by Chas Danner
This week NBC premiered a new show in which "celebrities" like "4-Time Iron Dog Champion" Todd Palin are paired with military and law enforcement personnel then set loose in competitive war simulations (the winnings go to charity). Allison Keene pans it:
There have been protests in recent weeks that the show attempts to turn war into entertainment. If only. There are extreme amounts of platitudes offered by the contestants to the military, and while the reverence and deference towards the soldiers may be well earned and deserved, it does not make for interesting television. The complaint that the show unfairly sanitizes the gruesomeness of war is valid. It does seem to belittle the soldiers' experience to turn what they do into a competition. Worse, after merely one exercise the celebrities already begin talking about how they "understand what the soldiers have been through." Doubtful.
The protests she's referring to include a letter that nine Nobel Peace Prize winners wrote to NBC trying to get the show canned. Speaking of getting canned, Spencer Ackerman has done a must-read post-mortem on the less-than-sparkling career of one of the show's hosts, General Wesley Clark:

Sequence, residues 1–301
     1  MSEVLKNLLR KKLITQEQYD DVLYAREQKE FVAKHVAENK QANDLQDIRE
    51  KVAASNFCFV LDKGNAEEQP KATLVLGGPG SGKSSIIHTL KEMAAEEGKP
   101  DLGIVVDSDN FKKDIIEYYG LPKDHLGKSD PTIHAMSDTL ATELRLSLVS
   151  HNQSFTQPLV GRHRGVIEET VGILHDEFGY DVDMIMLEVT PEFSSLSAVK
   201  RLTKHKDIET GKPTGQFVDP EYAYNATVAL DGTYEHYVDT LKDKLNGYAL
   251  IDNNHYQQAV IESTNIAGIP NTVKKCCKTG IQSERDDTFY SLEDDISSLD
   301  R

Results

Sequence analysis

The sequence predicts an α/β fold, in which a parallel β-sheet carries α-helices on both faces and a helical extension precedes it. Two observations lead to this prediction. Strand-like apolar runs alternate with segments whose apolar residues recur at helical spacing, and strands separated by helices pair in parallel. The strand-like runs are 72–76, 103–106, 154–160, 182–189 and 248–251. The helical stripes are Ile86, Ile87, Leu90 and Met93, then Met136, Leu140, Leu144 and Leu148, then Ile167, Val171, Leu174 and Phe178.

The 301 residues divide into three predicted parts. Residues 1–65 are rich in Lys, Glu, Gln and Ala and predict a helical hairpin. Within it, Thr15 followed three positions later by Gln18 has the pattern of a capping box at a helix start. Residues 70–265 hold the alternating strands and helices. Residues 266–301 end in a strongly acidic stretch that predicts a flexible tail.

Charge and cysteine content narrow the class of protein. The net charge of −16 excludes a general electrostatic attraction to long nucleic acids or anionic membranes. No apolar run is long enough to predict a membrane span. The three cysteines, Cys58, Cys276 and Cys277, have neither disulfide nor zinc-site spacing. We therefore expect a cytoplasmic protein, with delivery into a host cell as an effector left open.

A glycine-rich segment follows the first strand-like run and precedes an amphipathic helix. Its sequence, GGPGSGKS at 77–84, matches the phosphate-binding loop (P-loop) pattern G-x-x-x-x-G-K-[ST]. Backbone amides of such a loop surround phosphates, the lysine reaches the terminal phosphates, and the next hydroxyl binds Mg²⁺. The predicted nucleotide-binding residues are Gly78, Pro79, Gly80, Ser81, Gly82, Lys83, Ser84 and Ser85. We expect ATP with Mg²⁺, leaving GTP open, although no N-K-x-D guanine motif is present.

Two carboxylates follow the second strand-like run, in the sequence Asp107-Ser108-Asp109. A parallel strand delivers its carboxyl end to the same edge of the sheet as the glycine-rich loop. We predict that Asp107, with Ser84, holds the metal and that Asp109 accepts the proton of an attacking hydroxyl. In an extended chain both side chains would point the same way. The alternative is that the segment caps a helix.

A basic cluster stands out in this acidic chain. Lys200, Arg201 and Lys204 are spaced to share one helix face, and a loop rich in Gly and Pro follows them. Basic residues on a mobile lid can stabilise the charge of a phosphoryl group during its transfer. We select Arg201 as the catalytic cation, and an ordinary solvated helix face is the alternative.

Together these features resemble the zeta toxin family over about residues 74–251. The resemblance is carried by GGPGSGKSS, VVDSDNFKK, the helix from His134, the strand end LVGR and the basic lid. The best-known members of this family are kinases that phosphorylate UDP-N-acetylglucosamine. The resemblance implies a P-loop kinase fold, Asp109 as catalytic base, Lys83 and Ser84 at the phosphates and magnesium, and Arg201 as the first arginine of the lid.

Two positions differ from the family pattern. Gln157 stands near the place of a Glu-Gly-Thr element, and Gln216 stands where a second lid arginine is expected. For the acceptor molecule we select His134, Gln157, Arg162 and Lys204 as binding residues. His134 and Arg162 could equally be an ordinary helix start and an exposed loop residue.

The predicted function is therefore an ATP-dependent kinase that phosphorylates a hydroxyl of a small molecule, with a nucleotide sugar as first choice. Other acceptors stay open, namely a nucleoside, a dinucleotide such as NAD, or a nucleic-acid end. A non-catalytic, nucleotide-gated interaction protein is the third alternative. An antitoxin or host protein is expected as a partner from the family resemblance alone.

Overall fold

[Becoming the military representative on Stars Earn Stripes] seems like a bewildering career decision from a man who finished first in his West Point class and became a Rhodes scholar. But ever since retiring, Clark’s made a second career out of pimping his first. He shilled for dubious tech products before turning himself into a product — that is, attempting to become president of the United States within three years of getting fired from his job running NATO’s Kosovo war. Along the way, he inadvertently bolstered the case of his many, many military critics, who considered him a clown. Oh, and according to one of his subordinates, he came close to starting World War III.